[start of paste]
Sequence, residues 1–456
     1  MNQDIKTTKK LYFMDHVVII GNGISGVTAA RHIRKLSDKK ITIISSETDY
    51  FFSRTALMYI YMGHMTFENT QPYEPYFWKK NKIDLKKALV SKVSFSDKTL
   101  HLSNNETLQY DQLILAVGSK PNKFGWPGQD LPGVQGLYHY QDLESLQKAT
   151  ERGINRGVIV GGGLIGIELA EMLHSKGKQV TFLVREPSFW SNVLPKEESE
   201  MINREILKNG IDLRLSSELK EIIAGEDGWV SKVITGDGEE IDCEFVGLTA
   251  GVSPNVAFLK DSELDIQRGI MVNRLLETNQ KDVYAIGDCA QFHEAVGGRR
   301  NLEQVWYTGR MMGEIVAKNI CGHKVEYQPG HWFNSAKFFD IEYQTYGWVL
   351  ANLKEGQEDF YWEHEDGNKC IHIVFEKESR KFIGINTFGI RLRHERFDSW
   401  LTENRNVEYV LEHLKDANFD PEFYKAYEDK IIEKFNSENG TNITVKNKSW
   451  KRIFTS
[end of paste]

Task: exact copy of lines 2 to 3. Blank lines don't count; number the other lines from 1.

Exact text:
     1  MNQDIKTTKK LYFMDHVVII GNGISGVTAA RHIRKLSDKK ITIISSETDY
    51  FFSRTALMYI YMGHMTFENT QPYEPYFWKK NKIDLKKALV SKVSFSDKTL